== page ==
16 Proforma Requirement (2/2) Project Costs ▪Ongoing –Debt –O&M –Fuel –Warranty/Insurance –Servicing Project Revenue ▪End users –Direct offset to energy purchases –“Reliable Power” payments ▪Public sources –Federal, state & local incentives –Other grants ▪Regulatory/Energy Markets –Renewable energy credits –Net metering/Virtual net metering –Demand response –Other (i.e. capacity payments, ancillary grid services, etc.) CEFIA seek projects where revenue less cost over time (max. financing period of useful life of equipment) is sufficiently valuable to attract affordable capital needed to build the microgrid

17 Project Finance ▪Financing strategies How is $$ coming back over time? –ESA/PPA –ESPC –C-PACE –Tax exempt lease purchase –Bonds ▪Risk How sure are the Capital Providers that the $$ will come back over time? –Performance guarantee –Equipment warranties –Other insurance –Operational history of developers, contractors, and operators –Creditworthiness of obligor(s) –PACE lien –Green bank debt, reserves or other credit enhancements

18 Financing Website  Links to CEFIA Financing Program Pages  Review microgrid financing Frequently Asked Questions  RFQ for Capital Providers  Schedule an appointment to meet with CEFIA about financing opportunities for your microgrid project

19 CEFIA Contacts Genevieve Sherman, Senior Manager, C-PACE 860.257.2889 Alexandra Lieberman, Senior Manager, Clean Energy Finance 860.257.2177

20 Appendix

21 C-PACE Commercial & Industrial Property-Assessed Clean Energy CEFIA Programs

22 ▪Commercial Property Assessed Clean Energy is an innovative financing structure that enables commercial, industrial, and multi-family property owners to access financing for qualified energy upgrades and repay through a benefit assessment on their property tax. Private capital provides 100% upfront, low-cost, long-term funding Repayment through property taxes A senior PACE lien is put on the property and stays regardless of ownership Financing Options & Tools: C-PACE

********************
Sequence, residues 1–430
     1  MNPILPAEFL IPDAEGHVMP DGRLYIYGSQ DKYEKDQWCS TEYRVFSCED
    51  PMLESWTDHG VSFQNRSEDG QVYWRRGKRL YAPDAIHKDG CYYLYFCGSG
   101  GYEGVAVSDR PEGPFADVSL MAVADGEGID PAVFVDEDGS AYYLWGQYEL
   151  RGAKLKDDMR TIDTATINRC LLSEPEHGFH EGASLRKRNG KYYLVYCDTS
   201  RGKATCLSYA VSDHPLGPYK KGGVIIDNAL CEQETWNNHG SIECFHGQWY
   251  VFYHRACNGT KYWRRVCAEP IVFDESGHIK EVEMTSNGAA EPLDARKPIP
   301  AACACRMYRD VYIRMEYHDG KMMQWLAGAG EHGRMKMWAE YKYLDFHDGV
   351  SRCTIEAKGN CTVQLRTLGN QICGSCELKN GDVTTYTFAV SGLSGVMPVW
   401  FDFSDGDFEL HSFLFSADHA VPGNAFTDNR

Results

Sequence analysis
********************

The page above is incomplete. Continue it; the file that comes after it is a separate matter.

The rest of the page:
23 Benefits: ▪Existing, low cost, long-term financing tool ▪Can finance all costs, including end-user efficiency improvements, DE/microgrid ‘readiness,’ interconnection, and ‘soft costs’. ▪Financing is secured by a lien on the benefitted property (as opposed to an ESA with a customer) and is transferrable regardless of ownership. This provides microgrid developer secure recoupment of fixed costs. Challenges: ▪Each property must be individually assessed ▪Each property must have mortgage lender consent ▪Municipal facilities are not included ▪Qualifying improvements must be permanently affixed

24 Enabled by Public Act 12-2 (June 2012) ▪Commercial, industrial, multi-family property, & non-profit ▪Requires the consent of the existing mortgage lender ▪Requires SIR>1 ▪Permanently affixed EXCEPT district heating & cooling –Includes generator and pipe infrastructure –Potential for microgrids in FY2014 ▪Enables municipalities to opt-in ▪Enables CEFIA to administer a statewide program

25 C-PACE Amendment ▪(1) "Energy improvements" means (A) participation in a district heating and cooling system by qualifying commercial real property, …or (D) installation of a solar thermal or geothermal system to service qualifying commercial real property, provided such renovation, retrofit or installation described in subparagraph (B), (C) or (D) of this subdivision is permanently fixed to such qualifying commercial real property; ▪(2) "District heating and cooling system" means a local system consisting of a pipeline or network providing hot water, chilled water or steam from one or more sources to multiple buildings; ▪CEFIA recommended change in language to “ community-based clean energy systems” to include microgrid infrastructure

26 Potential option: C-PACE “host facility” with power sharing ▪A single qualifying facility hosts the microgrid generator ▪The host facility finances generator using C-PACE, monetizes tax credits, utility incentives, electric and thermal RECs, sales of thermal energy and power. ▪Facilities interconnected to microgrid craft ‘power sharing’ arrangement with host facility around islanding and maintaining of critical loads. 10% 40% 30%

27 Additional Options CEFIA Programs

28 Financing Options & Tools: CHP and AD PILOT PROGRAMS The CHP Pilot Program, administered by CEFIA, is a three-year $6 million dollar pilot program to provide grants & loans to CHP projects. The Anaerobic Digestion Program, administered by CEFIA, is an ongoing, $5 million dollar pilot program to provide grants & loans to AD projects. ▪Focus is on financing; potentially via C-PACE. ▪Open RFP; applications accepted on a rolling basis. ▪Cannot be used with LRECs.